Introduction to Bitcoin Cash BCH Part 4

Longest Chain Rule. Examples of Blockchain Forks.


Why would miners always switch to the longest chain of a blockchain and abandon a shorter chain that appears as a result of a fork? The answer is simple: because of the self-interest. Miners on the Bitcoin blockchain are getting rewards in Bitcoins for creating blocks of the bitcoin blockchain. This is exactly how the Bitcoin blockchain adds coins to circulation. Satoshi Nakamoto has designed the network in such a way that there can only be 21 million bitcoins in circulation total. From the blocks 1 to 210,000, the Bitcoin network has been adding 50 bitcoins per block into circulation. Then, the reward split in half and became 25 bitcoins. The reward splits every 210,000 blocks and when the network reaches 21 million bitcoins in circulation, the reward will go to zero. You can see the current number of Bitcoins in circulation, the date of the next split of the reward, the total number of Bitcoins left to mine and other interesting stats about the Bitcoin network by visiting . The idea of Nakamoto was that miners on the network will keep mining new blocks of the blockchain after they mine all 21 million bitcoins because they will be getting paid by the users of the network in the form of transaction fees.

All of this means that miners are inherently interested in mining new blocks on a blockchain that is growing. If a miner keeps mining blocks on a blockchain that is no longer longest, it means that the miner will be getting less profit compared to the profit for mining on the longest blockchain. All transactions that are happening on the shorter chain do not become a part of the longest chain, which means that if miners stay on a shorter chain, they will not get any rewards from the longest chain, be it in the form of transaction fees or network rewards for creating the blocks of the blockchain.

The combination of proof-of-work and of the longest chain rule makes the Bitcoin and Bitcoin Cash blockchains extremely secure.


Planned and contentious forks

Forks can be planned or contentious. A planned fork is when the community agrees that the network needs an upgrade and then software developers create the upgrade. Parties on the network then discuss when the upgrade will go in effect and upgrade their software. A contentious fork is when a number of members of the community disagree with a direction that the community is going and decide to issue an upgrade without getting support from the entire community.

Because blockchain technology is so new and unregulated, blockchain networks, including Bitcoin, have had both contentious and planned forks.

From the software standpoint, a fork can be soft or hard. The difference between soft and hard forks is about backwards compatibility. Soft forks are backwards compatible with the previous version of the software. Hard forks are not.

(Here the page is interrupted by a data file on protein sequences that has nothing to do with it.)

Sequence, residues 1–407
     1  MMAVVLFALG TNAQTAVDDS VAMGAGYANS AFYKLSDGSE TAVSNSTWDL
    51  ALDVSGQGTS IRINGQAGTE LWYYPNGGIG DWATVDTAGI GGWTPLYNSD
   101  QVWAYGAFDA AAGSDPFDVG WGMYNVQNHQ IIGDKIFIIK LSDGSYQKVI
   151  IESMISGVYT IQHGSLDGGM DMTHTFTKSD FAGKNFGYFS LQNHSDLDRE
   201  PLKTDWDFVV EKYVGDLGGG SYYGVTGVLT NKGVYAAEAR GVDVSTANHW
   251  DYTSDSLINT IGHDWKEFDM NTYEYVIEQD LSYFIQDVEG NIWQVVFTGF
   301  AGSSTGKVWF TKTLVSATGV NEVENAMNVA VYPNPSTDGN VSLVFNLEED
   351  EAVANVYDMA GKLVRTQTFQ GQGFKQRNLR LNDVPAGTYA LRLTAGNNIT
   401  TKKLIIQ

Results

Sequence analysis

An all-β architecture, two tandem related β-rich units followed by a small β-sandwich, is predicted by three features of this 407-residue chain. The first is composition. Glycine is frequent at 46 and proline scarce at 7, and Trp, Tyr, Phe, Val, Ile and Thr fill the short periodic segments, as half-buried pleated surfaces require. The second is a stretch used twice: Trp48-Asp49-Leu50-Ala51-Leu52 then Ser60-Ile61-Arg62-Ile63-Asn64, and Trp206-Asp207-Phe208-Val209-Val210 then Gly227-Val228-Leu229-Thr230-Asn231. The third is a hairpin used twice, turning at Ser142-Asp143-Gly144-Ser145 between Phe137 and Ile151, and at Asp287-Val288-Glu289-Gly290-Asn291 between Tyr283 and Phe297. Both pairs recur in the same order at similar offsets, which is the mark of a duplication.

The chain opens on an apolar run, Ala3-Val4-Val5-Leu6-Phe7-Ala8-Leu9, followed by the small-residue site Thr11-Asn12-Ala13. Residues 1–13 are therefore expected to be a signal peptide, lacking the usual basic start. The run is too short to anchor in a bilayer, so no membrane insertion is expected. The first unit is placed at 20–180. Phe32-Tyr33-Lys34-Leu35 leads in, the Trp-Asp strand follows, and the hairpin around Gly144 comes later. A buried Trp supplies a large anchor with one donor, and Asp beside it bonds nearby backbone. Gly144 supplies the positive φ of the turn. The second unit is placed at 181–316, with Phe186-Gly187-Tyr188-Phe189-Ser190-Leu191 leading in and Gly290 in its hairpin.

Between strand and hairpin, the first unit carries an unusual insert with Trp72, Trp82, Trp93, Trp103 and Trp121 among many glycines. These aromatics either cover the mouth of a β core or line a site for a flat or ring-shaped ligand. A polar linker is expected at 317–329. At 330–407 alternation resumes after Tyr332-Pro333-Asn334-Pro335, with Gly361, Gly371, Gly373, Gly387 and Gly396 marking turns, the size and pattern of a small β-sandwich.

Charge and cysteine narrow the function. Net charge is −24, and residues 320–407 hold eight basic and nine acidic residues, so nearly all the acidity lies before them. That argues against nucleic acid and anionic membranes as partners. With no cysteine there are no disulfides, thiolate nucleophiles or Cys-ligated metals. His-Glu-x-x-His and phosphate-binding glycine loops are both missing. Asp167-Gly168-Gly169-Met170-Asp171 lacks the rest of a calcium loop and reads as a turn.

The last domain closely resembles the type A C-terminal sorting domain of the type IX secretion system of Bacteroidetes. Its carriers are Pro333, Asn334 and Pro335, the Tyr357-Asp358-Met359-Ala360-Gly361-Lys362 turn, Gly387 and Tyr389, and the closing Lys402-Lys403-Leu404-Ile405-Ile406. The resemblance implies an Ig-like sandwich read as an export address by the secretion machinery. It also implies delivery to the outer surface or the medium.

Examples of hard and soft forks

Here is an example that illustrates the difference between a soft fork and a hard fork. Let’s say a blockchain network has five nodes.

***explanation note***

a node on a blockchain network is a computer that has a full copy of the blockchain. While you typically don’t have to download the entire blockchain to participate in transactions and can only download a wallet, it is the nodes that provide blockchain networks with integrity and security because as long as there is even one copy of the blockchain, the chain will be able to restore itself and keep functioning. You can see a list of all Bitcoin nodes that are online as you are reading this article by checking this website and the map of the Bitcoin Cash nodes is here:

***end of explanation note***

Three nodes, N1 through N3, have not upgraded their software, and nodes N4 and N5 did upgrade their software. If the node N5 creates a new block of the blockchain, all the nodes will accept the block because the software is backwards-compatible. If one of the nodes N1 through N3 is also a miner and creates a block of the blockchain, nodes N4 and N5 will not accept it as a valid block because the new software will not accept blocks from the old software.

A hard fork is a modification of software that is not backwards-compatible. In the same example as above, if nodes N1 through N3 do not upgrade their software and N4 and N5 do successfully go through an upgrade, then no matter what blocks N1, N2, and N3 create, N4 and N5 will reject them and the opposite will also be true. In essence, this means that once nodes choose the network after a hard fork, they stay on the network and do not participate in what happens on the other network. The fork of Bitcoin Cash was a hard fork from the Bitcoin network.

In practical terms, this means that up to August 1, 2017, or up to the block #487559 Bitcoin Cash and Bitcoin have the same blockchain, but they are not compatible after the block #487559. This also means that those who had Bitcoins on August 1, 2017, automatically got the same amount of Bitcoin Cash coins in addition to their Bitcoins. However, this does not means that when a blockchain network gets a new fork, the amount of money automatically doubles because a fork typically decreases the value of the original coin.